The annual Winter Meetings are in full swing, and Santana is the hot topic. Numerous details about the Twins' talks with the Yankees and Red Sox have been popping up courtesy of various news outlets: Santana will not accept a trade during the 2008 season, Santana will not accept a trade to any team other than New York or Boston, the Yankees have imposed a 24-hour deadline at which point they will withdraw their offer (that deadline passed last night), so on and so forth. All these publicized details from what are supposed to be private trade discussions make me feel like getting back into my The Departed state of mind from last Friday and paraphrasing Sergeant Dignam: these negotiations have more leaks than the Iraqi navy.
Most of the details that have been leaked have been pretty weakly attributed ("a Twins official"; "a person familiar with the player's thinking"; etc.), so I'm not inclined to take a whole lot of these rumors too seriously. Yet, Yankees head honcho Hank Steinbrenner didn't feel the need to mask his identity when he came out and made the following comments to the New York Times:
Joe Christensen labeled Steinbrenner's comments "blatant tampering," which was also my first thought when I read them, at least given my understanding of how the league's tampering policies work. I'll be disappointed if Steinbrenner is not disciplined for his comments.
“I don’t want to continue this dog-and-pony show, playing us against the Red Sox,” Steinbrenner said. “I’m not going to participate in that. This is our best offer. Minnesota knows it’s our best offer. Everybody knows it is.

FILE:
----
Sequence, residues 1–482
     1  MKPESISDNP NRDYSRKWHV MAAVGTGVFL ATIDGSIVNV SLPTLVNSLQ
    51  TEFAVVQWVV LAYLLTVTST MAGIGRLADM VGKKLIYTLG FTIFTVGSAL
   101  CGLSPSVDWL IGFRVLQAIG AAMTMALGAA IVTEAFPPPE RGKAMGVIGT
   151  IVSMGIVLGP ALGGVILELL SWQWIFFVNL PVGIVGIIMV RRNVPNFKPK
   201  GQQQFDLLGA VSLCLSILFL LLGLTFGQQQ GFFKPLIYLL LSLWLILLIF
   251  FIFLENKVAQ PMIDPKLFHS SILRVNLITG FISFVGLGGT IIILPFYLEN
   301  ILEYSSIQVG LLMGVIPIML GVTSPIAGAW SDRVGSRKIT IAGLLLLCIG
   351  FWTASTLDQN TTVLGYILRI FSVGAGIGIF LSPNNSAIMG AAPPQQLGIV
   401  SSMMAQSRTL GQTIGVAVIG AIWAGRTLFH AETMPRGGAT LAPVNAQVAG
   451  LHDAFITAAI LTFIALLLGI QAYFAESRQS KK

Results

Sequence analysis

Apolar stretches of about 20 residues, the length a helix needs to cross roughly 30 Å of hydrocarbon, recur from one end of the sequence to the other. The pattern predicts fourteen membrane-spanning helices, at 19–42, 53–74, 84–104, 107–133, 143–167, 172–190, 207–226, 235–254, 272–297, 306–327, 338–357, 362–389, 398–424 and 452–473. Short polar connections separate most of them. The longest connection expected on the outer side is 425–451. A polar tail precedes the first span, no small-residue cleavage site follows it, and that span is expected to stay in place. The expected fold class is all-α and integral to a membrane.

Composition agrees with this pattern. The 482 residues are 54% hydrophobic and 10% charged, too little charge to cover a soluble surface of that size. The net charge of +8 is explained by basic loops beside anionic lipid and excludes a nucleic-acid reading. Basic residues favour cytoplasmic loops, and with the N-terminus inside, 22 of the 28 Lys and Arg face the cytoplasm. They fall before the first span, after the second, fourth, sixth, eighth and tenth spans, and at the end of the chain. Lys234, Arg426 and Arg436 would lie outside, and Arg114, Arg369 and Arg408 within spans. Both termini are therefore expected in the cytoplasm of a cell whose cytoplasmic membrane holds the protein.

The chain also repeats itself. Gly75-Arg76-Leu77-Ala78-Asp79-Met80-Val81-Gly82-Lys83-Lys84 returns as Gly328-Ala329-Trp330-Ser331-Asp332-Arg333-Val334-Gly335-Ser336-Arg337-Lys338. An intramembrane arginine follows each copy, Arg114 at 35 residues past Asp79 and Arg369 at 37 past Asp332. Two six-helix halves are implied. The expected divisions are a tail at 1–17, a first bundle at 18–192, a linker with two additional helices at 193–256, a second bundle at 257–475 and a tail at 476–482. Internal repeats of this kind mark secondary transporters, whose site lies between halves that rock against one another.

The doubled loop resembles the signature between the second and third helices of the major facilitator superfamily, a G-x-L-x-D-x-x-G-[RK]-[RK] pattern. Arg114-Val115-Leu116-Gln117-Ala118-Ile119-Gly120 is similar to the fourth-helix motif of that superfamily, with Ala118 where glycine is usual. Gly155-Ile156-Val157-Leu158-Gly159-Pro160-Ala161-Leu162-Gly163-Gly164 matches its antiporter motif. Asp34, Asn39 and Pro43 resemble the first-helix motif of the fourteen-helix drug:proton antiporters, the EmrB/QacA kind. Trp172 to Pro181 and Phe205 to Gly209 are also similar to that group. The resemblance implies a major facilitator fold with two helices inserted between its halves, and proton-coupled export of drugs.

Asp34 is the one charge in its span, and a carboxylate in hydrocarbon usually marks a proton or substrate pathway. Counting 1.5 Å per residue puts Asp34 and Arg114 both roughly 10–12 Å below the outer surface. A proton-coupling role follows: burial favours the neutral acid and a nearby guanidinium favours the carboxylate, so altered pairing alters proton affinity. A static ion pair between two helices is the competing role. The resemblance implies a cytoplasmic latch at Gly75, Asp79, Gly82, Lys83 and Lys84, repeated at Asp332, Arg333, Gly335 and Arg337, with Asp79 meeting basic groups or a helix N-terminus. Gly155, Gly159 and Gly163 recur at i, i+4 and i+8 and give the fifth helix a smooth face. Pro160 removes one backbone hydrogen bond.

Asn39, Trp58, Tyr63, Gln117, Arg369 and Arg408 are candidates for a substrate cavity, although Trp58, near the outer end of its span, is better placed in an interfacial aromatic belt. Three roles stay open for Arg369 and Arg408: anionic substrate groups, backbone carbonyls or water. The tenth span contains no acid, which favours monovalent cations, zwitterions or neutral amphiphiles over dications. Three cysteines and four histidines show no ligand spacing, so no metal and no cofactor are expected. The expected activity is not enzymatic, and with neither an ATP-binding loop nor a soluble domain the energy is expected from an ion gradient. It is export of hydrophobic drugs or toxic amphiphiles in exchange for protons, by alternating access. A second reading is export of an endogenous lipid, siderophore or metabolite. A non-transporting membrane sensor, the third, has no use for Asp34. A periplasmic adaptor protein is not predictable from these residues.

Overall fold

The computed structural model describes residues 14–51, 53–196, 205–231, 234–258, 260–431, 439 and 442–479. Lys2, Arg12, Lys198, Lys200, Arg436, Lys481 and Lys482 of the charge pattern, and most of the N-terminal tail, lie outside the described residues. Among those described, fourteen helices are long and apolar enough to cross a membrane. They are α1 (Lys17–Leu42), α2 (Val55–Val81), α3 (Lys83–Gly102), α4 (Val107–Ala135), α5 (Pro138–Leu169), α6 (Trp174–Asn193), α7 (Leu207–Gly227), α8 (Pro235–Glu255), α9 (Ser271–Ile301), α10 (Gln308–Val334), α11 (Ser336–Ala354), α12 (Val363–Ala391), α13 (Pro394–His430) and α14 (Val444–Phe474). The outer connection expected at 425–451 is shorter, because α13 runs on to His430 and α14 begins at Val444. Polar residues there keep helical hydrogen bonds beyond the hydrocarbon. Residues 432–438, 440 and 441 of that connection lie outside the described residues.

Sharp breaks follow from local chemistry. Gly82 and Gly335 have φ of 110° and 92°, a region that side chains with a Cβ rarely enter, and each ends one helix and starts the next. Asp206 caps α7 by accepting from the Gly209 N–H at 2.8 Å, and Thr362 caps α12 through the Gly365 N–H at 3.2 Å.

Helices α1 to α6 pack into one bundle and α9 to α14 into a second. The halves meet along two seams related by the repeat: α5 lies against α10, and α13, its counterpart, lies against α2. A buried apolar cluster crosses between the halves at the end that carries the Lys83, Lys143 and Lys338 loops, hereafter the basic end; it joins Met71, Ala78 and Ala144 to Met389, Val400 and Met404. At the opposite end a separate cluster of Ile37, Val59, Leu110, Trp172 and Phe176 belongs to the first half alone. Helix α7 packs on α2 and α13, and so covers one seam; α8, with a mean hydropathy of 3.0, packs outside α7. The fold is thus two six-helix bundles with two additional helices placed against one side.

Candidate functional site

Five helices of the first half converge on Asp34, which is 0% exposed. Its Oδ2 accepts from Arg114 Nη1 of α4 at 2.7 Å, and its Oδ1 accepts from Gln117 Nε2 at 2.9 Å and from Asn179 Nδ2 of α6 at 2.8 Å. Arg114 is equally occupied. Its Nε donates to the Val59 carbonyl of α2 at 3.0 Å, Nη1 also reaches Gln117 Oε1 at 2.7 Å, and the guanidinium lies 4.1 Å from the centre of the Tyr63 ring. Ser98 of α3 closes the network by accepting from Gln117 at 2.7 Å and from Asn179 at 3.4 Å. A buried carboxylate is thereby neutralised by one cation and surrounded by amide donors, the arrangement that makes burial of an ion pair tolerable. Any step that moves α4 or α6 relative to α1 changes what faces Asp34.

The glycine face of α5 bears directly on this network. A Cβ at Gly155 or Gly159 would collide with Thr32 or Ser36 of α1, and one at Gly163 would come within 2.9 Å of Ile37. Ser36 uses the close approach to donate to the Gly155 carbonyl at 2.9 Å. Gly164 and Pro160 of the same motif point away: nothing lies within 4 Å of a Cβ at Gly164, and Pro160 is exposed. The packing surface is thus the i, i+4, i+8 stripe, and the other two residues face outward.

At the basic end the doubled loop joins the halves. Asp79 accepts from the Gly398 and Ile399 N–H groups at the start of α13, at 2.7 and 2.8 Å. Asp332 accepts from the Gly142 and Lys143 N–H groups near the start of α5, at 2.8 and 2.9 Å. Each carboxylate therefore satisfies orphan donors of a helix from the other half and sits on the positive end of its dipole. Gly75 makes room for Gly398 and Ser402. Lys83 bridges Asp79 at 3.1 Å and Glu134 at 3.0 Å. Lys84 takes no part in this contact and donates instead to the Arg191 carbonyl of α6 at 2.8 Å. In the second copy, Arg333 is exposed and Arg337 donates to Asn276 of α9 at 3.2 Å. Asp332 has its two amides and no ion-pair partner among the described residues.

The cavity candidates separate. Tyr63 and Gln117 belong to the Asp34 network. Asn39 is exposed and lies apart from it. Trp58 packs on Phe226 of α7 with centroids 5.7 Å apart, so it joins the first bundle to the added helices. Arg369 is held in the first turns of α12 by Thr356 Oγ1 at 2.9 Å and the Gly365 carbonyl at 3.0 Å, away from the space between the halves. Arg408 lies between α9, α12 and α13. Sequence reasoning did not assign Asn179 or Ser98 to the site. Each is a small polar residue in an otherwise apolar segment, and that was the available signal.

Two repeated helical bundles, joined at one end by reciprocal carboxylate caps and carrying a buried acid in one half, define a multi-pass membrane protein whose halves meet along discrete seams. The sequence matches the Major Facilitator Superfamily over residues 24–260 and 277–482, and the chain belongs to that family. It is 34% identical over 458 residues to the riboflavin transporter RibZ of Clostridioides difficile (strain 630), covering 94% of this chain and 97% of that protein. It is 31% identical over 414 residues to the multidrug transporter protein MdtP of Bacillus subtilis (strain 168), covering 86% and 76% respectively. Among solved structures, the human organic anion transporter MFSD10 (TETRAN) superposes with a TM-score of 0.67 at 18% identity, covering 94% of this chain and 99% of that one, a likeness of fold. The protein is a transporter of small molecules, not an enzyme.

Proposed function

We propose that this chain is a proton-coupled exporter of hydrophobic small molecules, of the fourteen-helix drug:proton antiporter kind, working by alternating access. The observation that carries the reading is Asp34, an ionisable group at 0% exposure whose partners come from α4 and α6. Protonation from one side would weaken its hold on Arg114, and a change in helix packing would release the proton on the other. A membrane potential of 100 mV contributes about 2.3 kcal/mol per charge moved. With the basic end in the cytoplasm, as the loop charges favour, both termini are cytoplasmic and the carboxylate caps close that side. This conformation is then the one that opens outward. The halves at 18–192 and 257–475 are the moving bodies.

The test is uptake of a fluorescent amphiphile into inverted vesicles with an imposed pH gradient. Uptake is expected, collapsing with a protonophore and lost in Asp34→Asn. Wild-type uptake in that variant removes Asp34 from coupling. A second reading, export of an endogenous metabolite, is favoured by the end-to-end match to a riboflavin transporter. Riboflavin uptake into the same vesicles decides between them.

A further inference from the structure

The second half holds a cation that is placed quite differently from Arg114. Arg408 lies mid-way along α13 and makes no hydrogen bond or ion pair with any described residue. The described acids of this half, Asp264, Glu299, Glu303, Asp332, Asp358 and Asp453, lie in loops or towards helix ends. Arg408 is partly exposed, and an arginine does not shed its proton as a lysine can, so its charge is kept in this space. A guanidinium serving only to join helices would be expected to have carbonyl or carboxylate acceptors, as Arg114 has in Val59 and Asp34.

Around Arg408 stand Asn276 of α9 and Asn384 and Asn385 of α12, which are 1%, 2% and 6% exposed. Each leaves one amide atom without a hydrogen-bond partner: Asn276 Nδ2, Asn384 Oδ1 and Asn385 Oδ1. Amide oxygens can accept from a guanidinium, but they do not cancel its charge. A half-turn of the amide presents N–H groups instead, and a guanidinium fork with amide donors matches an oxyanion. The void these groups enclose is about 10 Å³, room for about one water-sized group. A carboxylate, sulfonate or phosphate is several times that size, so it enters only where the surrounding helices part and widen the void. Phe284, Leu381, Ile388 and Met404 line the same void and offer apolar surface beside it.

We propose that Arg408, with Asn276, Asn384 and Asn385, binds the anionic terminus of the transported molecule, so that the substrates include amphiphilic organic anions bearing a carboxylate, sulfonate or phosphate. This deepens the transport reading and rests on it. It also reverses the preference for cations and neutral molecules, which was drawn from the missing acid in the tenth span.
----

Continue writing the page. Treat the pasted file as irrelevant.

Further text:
“We need to get this done. If we don’t, I certainly won’t be upset about keeping Hughes and Cabrera. I definitely won’t. I don’t think Minnesota wants to be stuck negotiating with just one team.”
. . .“How can I go any higher?” Steinbrenner said. “What do they want — Hughes, Kennedy and Cabrera? I can’t do that kind of thing. It’s crazy. It’s suicidal. In the past 20 or 30 years, teams have always asked more from the Yankees than they have of anybody else, and that’s going to stop. I’ve made the best offer Minnesota is going to get, and the fact is, it’s an offer we can go away happy and they can go away happy.”
There's a reason people dislike the Yankees, and this is a big part of it. They try to impose their will and intimidate all the smaller market clubs. What exactly gives Steinbrenner and the Yankees the leverage to impose a deadline (on Dec. 3, no less)? They are the buyers in this situation, not the sellers. The Twins have no obligation to trade Santana, as much as Steinbrenner seems to be acting like they do. If he wants to withdraw his deal -- which is far from overwhelming -- then so be it. After the way the Alex Rodriguez situation played out just over a month ago, I don't think anyone is buying into this deadline business anyway.
This period of uncertainty is excruciating for Twins fans, and doubtlessly even more so for the beat writers who have to try to keep tabs on all the rumors flying around. That said, it seems that for the time being it is in Bill Smith's best interest to remain firm and be patient. The decisions he makes here will be crucially important to the future of the franchise. He can't afford to let himself get played by the Big Bad Empire.